Blackrock, County Louth

From Wikipedia, the free encyclopedia
Jump to navigation Jump to search

Blackrock (Irish: Na Creagacha Dubha) is a seaside village just to the south of Dundalk, County Louth, Ireland. The village is in the townland of Haggardstown. The current population of the village is about 3,000.

In the 1950s and 60s, Blackrock was a holiday destination for people in landlocked Monaghan and Cavan. The beach, which is pictured in colourised postcards of that era (still on sale), was created with sand imported from beaches further down the coast, as sand is continually washed away contributing to the buildup of silt in Dundalk Bay. Although it is no longer considered a tourist resort, there remains a tradition of visiting Blackrock on the 15th of August (vide the Celtic feast of Lúnasa).

Since the late 1960s, Blackrock has expanded significantly and has become a dormitory village of Dundalk. With the opening of the M1 motorway to Dublin, there has been another wave of expansion and it is also becoming a commuter town with access to north Dublin.

Blackrock beach and its promenade (incorporating Blackrock's Millennium project - a sundial which is believed to be the largest in a public area in Ireland[1][2]) is still the focal point of the village and the site of Christmas Day fundraising events organised by Conor Hughes, an annual Raft Race, as well as several other events throughout the year. The promenade area includes a number of restaurants and public houses.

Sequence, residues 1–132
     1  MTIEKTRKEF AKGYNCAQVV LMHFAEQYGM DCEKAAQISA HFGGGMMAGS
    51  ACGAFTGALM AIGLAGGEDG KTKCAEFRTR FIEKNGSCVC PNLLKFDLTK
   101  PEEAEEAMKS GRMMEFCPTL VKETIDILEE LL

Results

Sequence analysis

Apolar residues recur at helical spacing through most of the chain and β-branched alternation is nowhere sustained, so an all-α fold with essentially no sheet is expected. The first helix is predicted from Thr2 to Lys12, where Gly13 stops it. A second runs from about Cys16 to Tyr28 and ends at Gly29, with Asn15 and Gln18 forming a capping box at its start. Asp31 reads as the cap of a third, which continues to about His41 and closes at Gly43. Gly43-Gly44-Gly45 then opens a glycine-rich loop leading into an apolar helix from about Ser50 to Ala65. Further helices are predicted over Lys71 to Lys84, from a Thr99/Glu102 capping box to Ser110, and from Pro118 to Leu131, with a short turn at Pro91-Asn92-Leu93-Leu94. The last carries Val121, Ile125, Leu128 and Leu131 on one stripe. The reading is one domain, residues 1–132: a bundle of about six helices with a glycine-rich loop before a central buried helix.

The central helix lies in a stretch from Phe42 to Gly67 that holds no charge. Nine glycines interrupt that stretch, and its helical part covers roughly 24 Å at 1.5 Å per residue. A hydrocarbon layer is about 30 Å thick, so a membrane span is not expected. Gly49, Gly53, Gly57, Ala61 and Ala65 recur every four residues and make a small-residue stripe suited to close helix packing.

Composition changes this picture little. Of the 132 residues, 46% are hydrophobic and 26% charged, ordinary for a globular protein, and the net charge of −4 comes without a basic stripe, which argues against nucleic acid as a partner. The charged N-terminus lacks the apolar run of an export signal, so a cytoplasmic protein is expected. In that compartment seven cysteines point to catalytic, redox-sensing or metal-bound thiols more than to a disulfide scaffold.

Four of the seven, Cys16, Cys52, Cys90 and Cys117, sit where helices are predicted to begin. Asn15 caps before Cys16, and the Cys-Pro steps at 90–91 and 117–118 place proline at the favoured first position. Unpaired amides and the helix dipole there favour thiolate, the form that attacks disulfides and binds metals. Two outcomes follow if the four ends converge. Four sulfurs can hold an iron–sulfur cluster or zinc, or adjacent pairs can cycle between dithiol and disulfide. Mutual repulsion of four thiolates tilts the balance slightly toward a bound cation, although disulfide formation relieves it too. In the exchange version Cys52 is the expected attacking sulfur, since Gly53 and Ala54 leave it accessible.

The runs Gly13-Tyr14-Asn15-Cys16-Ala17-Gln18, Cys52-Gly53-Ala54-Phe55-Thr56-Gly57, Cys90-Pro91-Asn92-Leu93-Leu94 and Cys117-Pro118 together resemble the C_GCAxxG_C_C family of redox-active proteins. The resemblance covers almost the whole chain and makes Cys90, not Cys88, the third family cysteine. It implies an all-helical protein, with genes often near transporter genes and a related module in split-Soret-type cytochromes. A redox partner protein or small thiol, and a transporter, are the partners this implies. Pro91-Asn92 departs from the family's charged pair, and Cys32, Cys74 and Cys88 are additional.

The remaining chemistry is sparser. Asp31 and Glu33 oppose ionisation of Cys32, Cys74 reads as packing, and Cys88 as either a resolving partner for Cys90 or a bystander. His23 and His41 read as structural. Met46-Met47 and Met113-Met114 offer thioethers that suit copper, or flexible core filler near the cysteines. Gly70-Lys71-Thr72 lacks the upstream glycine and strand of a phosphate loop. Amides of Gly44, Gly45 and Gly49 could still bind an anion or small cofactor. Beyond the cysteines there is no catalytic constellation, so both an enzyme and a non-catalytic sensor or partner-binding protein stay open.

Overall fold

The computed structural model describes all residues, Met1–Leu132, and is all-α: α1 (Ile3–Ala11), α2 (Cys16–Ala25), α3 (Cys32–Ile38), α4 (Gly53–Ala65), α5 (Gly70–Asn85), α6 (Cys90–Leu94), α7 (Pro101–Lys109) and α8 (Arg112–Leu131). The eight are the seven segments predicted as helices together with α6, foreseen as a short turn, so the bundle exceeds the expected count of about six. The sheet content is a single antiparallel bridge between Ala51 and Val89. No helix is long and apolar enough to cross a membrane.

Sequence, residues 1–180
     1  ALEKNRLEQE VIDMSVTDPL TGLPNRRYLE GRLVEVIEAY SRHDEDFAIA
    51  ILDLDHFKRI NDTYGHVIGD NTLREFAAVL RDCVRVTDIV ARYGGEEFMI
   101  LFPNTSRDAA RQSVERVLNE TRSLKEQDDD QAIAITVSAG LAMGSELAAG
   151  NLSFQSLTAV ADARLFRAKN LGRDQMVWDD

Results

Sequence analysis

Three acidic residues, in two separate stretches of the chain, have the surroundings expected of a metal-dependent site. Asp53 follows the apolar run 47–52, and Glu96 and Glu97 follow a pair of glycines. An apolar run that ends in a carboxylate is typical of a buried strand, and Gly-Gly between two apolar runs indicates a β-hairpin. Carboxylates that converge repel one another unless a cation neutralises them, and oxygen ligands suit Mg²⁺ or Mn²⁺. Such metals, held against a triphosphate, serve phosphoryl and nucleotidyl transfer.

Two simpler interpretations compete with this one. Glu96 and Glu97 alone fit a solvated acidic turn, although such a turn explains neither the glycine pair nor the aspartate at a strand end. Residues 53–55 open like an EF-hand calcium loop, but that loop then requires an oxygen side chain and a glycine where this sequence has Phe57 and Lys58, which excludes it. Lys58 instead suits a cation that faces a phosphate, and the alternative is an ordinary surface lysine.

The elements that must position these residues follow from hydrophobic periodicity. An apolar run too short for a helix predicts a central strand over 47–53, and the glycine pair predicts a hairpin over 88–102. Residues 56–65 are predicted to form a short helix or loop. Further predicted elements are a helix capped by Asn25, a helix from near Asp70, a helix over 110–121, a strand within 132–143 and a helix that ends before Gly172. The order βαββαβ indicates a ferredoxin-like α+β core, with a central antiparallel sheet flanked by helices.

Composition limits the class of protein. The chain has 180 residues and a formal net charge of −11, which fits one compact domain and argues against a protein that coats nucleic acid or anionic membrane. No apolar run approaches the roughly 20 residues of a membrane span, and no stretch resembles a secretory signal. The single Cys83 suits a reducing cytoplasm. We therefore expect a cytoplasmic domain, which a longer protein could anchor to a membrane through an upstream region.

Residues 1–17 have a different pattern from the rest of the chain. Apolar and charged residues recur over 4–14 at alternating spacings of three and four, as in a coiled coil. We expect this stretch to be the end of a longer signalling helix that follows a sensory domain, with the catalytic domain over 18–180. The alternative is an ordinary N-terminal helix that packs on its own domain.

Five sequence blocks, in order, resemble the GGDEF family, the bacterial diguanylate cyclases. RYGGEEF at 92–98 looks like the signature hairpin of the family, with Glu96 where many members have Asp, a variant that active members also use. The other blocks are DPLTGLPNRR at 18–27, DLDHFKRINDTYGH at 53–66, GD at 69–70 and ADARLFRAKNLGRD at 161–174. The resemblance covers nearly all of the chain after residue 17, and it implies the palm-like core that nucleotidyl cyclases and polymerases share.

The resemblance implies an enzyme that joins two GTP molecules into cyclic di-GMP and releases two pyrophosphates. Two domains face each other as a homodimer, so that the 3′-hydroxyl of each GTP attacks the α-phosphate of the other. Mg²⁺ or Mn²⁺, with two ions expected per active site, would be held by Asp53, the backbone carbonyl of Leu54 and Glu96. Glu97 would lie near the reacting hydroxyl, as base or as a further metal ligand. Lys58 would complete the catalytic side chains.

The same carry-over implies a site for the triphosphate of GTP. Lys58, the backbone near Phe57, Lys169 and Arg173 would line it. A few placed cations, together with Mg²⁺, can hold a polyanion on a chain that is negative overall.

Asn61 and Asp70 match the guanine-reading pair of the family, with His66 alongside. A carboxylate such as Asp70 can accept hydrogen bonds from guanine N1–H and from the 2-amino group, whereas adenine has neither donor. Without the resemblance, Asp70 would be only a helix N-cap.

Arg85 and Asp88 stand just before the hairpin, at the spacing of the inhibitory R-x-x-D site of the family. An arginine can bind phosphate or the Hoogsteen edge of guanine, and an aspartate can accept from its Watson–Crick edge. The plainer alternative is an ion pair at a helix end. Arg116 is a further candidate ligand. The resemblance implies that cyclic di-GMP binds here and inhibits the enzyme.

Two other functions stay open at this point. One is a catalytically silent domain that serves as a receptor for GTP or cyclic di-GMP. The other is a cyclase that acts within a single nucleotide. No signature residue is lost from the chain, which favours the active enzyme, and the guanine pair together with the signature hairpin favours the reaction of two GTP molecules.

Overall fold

The view looking north over Dundalk Bay from the promenade toward the Cooley Mountains is impressive.

In common with a number of east coast locations, the beach has a very gentle gradient and the sea retreats about 5 km at low tide. The exposed seabed is a mixture of sand and mud flats. It is a suitable and fertile habitat for a variety of wader birds, including brent geese and dunlins. The River Fane (to the south of Blackrock) enters the sea as a channel crossing from south to north in front of the promenade. Even at high tide, the water level is only about 1m out to the channel, and the front has become popular as a safe sailboarding venue.

More recently kitesurfing has become more and more popular in the area. It is an ideal location for learning when the tide is out and when the tide is in because of the shallow depths and, more often than not, flat water.

See also[edit]


  1. ^ Ryan, Olivia. "Key to the past for future generations". Retrieved 13 April 2017.  External link in |publisher= (help)
  2. ^ "Blackrock Village". Retrieved 13 April 2018. 

"Blackrock Village". Retrieved 27 July 2013. 

Coordinates: 53°57′51″N 6°21′54″W / 53.964053°N 6.365135°W / 53.964053; -6.365135